|Expect a Miracle||p. 9|
|The Source of Coincidences||p. 25|
|Two Wings||p. 41|
|Letters from God||p. 55|
|The Only Way It Could Happen||p. 69|
|Swept Clean||p. 81|
|An Opening of the Heart||p. 99|
|Trust Your Experience||p. 119|
|Deep Secrets||p. 137|
|The Uses of Coincidence||p. 159|
|Two Choices||p. 199|
|Chapter Quotes||p. 221|
|Reader Questions||p. 237|
|About the Author||p. 239|
|Table of Contents provided by Ingram. All Rights Reserved.|
one | Expect a Miracle
'Miracles do not happen in contradiction
to nature, but only in contradiction to
that which is known to us of nature.'
It was 6:00 am on a Friday at NBC Studios in beautiful downtown Burbank. I put my carry bag on the chair in my Days of Our Lives dressing room. I took out my script, makeup bag, and shoes. My scenes were being taped first that day, because I had to catch a plane to Houston to participate in the Jack Benny Memorial Tennis Classic to benefit the Juvenile Diabetes Foundation (JDF). When my scenes were completed, I rushed to my dressing room, packed my carry bag, and lifted it from the chair. On the chair was a printed business card that read, EXPECT A MIRACLE. I wondered out loud, 'It wasn't here this morning. Where'd this come from?' (It's a question that has never been answered.) The card's appearance was the next step in a journey I had begun two years earlier, a journey that was going to transform my life in more ways than I could possibly imagine.
Two years earlier, my husband, Alan, and I and our two young sons, Brennan and Robin, were driving from Toronto to a family reunion in northern Canada. Our first stop was at Alan's grandparents' home in Kirkland Lake, Ontario. Grandpa Will noticed that Brennan was drinking a lot of liquids and mentioned it to me. I thought of possible reasons: It's summer, we're traveling, it's hot.
Then Brennan began wetting the bed. He'd never done that before, but again I found reasons for it. He was off his normal sleep schedule and drinking so much liquid. Then more strange Brennan news: He was extremely fussy, not his usual sweet self, and the blue shorts that fit him a month ago were sliding down his hips. Perplexed, I weighed him on Grandpa Will's bathroom scale. At the doctor's office six weeks earlier, Brennan had weighed fifty-one pounds. Now the scale read forty-six pounds. He'd lost five pounds?
The next day, on our way to the family reunion, Brennan was sitting in the backseat of the car, staring straight ahead as if in a trance. His face was flushed deep pink. His eyes were glassy. I touched his forehead to see if he had a fever. It was cool. Something was wrong with my son. Alan and I agreed we'd take him to the doctor when we got home in a few days.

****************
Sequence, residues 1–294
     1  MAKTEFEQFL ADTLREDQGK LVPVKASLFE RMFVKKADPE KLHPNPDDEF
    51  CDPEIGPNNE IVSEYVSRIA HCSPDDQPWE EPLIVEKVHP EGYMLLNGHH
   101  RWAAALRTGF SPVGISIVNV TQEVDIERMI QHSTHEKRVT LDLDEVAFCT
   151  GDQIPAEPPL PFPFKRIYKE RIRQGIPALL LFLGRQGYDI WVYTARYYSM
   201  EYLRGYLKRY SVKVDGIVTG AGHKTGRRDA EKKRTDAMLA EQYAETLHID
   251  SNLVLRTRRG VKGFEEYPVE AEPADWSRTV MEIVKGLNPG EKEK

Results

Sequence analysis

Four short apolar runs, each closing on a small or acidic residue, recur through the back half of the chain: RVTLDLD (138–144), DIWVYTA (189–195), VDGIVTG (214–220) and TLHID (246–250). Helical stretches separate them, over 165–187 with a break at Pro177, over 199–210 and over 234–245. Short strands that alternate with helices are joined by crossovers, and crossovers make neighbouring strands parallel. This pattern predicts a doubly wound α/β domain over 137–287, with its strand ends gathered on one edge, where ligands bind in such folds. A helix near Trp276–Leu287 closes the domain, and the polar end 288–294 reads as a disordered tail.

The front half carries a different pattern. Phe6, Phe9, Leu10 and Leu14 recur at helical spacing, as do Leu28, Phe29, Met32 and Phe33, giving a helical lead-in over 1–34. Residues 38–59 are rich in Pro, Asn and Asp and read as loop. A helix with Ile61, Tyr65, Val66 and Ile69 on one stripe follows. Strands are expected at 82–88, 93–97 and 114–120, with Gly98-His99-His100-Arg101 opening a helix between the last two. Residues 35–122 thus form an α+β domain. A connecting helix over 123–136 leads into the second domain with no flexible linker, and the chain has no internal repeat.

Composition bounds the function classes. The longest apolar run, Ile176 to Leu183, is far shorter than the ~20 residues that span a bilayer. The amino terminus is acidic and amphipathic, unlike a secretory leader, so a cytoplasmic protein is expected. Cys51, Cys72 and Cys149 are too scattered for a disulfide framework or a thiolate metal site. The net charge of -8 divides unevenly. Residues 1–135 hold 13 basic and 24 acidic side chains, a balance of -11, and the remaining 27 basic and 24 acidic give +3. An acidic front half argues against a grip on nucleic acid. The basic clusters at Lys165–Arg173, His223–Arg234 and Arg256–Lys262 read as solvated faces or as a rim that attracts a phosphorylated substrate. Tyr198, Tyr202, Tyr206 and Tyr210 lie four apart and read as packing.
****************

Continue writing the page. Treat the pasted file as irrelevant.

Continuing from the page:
That night at the reunion, Brennan shared a room connected to ours with his older cousin Boyd. As I tucked him in, he asked for a glass of water. He drank it quickly. 'More, Mommy.' He drank a second glass, then a third. I watched in amazement. Boyd's mother, Maxine, was in the room, and knowing that she was a nurse, I asked, 'What on earth could cause a child to drink that much water?'
Her answer: 'There's only one thing I can think of—diabetes.'
I didn't know anything specific about diabetes, but I knew it was serious. I went to find Alan at the reception. I took his arm and shepherded him to the hall. I tried to tell him, 'Maxine thinks Brennan has d-d-d- . . .' I tried again, 'Maxine thinks Brennan has d-d-d- . . .'
I finally said the word diabetes, accompanied by sobs. We called Brennan's pediatrician in Los Angeles, and he suggested we collect Brennan's first urine in the morning and get some test strips at the pharmacy to see if he had sugar in his urine. That night we lay in bed holding hands, listening for Brennan. At six the next morning, we heard little feet pitter-pat to the bathroom. We intercepted him before he got to the toilet. He was too sleepy to ask why we wanted him to pee in a water glass. We dipped the test strip in. Dark blue. Sugar in the urine. Diabetes.*
The next morning, we drove to Toronto and boarded a plane for Los Angeles. Our dear friend Valerie Harper (yes, 'Rhoda') met us at the airport and took us directly to Children's Hospital Los Angeles. On our way there, Valerie, who was active in ending hunger, said, 'Gloria, if we can end world hunger, we can cure diabetes.' She planted a seed of hope in me.
*Brennan exhibited the classic symptoms of undiagnosed juvenile/type 1 diabetes: excessive thirst, excessive urination, and unexplained weight loss. The food we eat is broken down into a simple form of sugar that can be utilized by the cells. Insulin is the key that allows the sugar into the cells. When the body doesn't have enough insulin, the sugar can't get into the cells and stays in the blood. The cells are not nourished, which results in weight loss. The body tries to flush the sugar out (excessive urination), and the child drinks to make up for the water loss (excessive thirst).
©2012 Gloria Loring. All rights reserved. Reprinted from Coincidence Is God's Way of Remaining Anonymous. No part of this publication may be reproduced, stored in a retrieval system or transmitted in any form or by any means, without the written permission of the publisher. Publisher: Health Communications, Inc., 3201 SW 15th Street, Deerfield Beach, FL 33442